This analogy isn't perfect, since audio is more like a photo than a line-art diagram, but it helps get the idea across:

Original BMP size: 29 kB

Blue dots in PNG form

PNG size: 629 B

Blue dots in JPEG form with jaggies

JPEG size: 1.7 kB

Blue dots with jaggies re-encoded to PNG

PNG created from JPEG: 6.2 kB

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But of course once a file is converted to JPG, data is lost, and can't be recovered by converting to PNG. If there's more data in the FLAC/PNG much of it will be fictitious. –  pavium Oct 30 '09 at 6:38
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Yes. Meaningful data is lost, and erroneous data is created. –  endolith Oct 30 '09 at 16:34
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That is clearly illustrated in endolith's example diagrams. –  hplbsh Oct 30 '09 at 17:17
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This is an amazingly thorough answer. Nice job! –  cowgod Oct 30 '09 at 20:47
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You are right. I don't know what I was thinking. –  Kevin Panko Apr 27 '10 at 22:58
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When you decode an MP3, no matter what bitrate, you get standard 1411kbps/44100Hz 16bit (or whatever the source was) PCM audio that has all the noticeable and un-noticeable effects of the lossy encode process, this format is required for playback and encoding/re-encoding, any file of any codec is being decompressed when you play it on your computer, MP3 player, etc.

The FLAC encoder doesn't care if the audio it's compressing came from a decoded MP3 or a brand new CD, it will simply reduce the size of the source file without any change to the audio data, making a full recovery of the source possible, a lossless process.

A FLAC file made from an MP3 will sound exactly like the MP3, a FLAC file made from a CD track will sound exactly like the CD.

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To answer part two, if you convert back to a WAV from the MP3, then pick a lossless encoder, you should have an identical-quality file when you're done.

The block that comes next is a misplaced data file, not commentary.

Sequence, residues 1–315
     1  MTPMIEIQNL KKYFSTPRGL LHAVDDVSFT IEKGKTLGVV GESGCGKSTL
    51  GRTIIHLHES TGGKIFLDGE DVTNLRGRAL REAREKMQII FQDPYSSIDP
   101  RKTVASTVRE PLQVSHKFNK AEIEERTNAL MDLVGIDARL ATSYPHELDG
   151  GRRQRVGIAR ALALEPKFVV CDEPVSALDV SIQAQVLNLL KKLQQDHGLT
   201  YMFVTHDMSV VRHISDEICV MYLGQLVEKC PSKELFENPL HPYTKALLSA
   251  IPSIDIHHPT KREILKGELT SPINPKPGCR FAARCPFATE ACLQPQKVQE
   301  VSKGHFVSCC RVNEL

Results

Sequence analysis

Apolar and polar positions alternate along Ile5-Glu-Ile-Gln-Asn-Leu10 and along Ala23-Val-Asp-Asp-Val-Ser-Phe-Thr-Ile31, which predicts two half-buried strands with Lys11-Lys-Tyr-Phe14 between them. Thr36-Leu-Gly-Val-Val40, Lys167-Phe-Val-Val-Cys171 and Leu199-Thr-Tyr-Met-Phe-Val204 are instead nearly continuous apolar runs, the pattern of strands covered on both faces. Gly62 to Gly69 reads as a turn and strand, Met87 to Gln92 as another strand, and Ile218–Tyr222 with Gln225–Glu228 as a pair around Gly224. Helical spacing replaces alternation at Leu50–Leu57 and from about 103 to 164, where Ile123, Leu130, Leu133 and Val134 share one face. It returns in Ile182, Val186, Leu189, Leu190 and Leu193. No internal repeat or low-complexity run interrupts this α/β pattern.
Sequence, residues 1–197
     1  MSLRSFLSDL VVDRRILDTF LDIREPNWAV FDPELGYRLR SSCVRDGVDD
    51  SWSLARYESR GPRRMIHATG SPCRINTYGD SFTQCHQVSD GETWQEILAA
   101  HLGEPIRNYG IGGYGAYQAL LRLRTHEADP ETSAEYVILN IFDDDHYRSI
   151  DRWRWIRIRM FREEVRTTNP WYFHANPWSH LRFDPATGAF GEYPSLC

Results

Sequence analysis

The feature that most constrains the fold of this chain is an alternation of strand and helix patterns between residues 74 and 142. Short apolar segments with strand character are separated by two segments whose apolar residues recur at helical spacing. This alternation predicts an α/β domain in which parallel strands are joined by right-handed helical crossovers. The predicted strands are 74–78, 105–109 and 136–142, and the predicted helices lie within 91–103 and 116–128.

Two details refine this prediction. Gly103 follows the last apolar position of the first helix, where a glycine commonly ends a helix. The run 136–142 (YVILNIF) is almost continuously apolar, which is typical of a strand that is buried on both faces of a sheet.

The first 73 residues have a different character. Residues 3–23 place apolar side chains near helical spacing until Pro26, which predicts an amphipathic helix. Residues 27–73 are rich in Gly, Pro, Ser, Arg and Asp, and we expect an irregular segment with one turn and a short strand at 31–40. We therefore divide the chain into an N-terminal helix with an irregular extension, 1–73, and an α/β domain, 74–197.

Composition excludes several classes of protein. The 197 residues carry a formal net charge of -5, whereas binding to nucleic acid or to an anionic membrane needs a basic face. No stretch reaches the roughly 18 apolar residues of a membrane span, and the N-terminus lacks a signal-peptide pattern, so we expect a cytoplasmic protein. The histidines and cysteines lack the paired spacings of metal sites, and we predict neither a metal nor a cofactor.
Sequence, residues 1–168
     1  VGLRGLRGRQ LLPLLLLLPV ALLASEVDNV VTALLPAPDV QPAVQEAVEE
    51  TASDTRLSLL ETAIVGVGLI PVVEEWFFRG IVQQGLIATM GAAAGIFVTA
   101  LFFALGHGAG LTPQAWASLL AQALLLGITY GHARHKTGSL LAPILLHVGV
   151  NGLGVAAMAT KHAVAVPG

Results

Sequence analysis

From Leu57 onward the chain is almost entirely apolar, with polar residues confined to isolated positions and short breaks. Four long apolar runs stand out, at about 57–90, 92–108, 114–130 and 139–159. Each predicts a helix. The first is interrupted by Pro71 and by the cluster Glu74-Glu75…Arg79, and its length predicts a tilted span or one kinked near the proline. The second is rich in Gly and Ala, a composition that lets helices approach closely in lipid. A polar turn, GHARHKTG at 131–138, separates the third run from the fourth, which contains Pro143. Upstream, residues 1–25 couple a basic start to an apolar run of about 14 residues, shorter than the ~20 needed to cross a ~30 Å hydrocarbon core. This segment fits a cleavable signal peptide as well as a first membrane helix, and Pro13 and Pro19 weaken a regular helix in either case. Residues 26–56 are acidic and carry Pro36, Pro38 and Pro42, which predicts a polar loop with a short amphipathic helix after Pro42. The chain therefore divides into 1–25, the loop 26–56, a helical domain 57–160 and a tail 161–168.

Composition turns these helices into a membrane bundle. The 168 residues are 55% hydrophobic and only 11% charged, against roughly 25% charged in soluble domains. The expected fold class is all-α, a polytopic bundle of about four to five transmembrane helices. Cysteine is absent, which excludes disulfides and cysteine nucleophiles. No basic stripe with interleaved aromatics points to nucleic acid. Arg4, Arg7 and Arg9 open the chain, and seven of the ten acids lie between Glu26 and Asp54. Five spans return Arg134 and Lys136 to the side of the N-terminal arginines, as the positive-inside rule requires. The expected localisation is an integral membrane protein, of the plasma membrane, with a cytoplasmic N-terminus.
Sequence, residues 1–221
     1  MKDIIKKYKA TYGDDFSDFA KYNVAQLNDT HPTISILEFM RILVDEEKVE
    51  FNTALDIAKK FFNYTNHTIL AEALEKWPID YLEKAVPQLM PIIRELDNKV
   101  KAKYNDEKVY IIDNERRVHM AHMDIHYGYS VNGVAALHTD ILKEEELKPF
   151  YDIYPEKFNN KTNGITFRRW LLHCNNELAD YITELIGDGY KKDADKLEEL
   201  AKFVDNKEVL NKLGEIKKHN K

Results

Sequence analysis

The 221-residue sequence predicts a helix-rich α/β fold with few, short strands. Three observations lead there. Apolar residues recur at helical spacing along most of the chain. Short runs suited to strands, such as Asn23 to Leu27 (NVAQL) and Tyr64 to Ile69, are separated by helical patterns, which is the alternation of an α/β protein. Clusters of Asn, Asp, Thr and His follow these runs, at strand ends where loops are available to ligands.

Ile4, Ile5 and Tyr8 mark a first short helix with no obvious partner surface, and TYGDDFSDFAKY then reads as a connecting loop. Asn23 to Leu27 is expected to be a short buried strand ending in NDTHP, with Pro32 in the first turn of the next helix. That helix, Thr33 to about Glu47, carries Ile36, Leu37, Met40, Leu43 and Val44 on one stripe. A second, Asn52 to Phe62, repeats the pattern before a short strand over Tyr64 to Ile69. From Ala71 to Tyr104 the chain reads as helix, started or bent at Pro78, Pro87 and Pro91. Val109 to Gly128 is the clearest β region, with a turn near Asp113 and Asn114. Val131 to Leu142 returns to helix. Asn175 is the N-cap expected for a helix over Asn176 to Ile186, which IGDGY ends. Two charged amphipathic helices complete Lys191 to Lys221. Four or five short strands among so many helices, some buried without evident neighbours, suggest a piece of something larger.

As to why the FLAC is bigger than the MP3, you're taking one of the more-compressed formats, decompressing it, then recompressing it in a less-efficient compression tool (though with a higher-quality of playback).

It's kind of like asking why converting a JPG to a PNG makes it bigger - you're [partially] decompressing the file, then recompressing in a lossless way. FLAC, like PNG, isn't optimized for space, but for quality.

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FLAC (and PNG) are lossless, so saying that those are optimized for quality don't make sense. –  Joakim Elofsson Oct 30 '09 at 17:01
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@Joakim: lossless == max quality, so lossless formats are optimized for quality by definition. –  quack quixote Oct 30 '09 at 19:43
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that's my point, by definition so there is no optimization. if the defintion is max quality, then there is nothing to optimize –  Joakim Elofsson Oct 31 '09 at 0:34
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mp3 reqiures a decoder to be playable, the result of the decoder is an approximation of the original track (usually from a CD), so the decoder adds data to make it playable (and this is not nonsense data). The resulting approximation got the same bitrate as the original track. Without decoding the mp3 the information makes no sense, so can not be converted to anything else (unless very similar encodeing, like stereo-mp3 to 2X mono-mp3). And FLAC and mp3 is not even close to similar. When decodig a FLAC the result is not an approximation of the orignal data encoded into FLAC, but it is the exactly same.